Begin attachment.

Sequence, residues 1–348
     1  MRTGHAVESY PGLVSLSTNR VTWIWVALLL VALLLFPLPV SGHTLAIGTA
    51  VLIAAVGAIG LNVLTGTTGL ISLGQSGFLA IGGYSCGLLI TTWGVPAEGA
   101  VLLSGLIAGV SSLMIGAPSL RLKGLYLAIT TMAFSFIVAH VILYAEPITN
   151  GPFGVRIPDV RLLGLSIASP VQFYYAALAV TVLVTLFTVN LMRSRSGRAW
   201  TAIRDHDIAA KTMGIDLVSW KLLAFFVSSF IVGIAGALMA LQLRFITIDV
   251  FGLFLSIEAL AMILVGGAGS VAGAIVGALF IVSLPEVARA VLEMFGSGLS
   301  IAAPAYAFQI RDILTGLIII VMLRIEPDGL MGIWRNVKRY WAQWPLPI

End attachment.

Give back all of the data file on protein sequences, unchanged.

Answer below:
Sequence, residues 1–348
     1  MRTGHAVESY PGLVSLSTNR VTWIWVALLL VALLLFPLPV SGHTLAIGTA
    51  VLIAAVGAIG LNVLTGTTGL ISLGQSGFLA IGGYSCGLLI TTWGVPAEGA
   101  VLLSGLIAGV SSLMIGAPSL RLKGLYLAIT TMAFSFIVAH VILYAEPITN
   151  GPFGVRIPDV RLLGLSIASP VQFYYAALAV TVLVTLFTVN LMRSRSGRAW
   201  TAIRDHDIAA KTMGIDLVSW KLLAFFVSSF IVGIAGALMA LQLRFITIDV
   251  FGLFLSIEAL AMILVGGAGS VAGAIVGALF IVSLPEVARA VLEMFGSGLS
   301  IAAPAYAFQI RDILTGLIII VMLRIEPDGL MGIWRNVKRY WAQWPLPI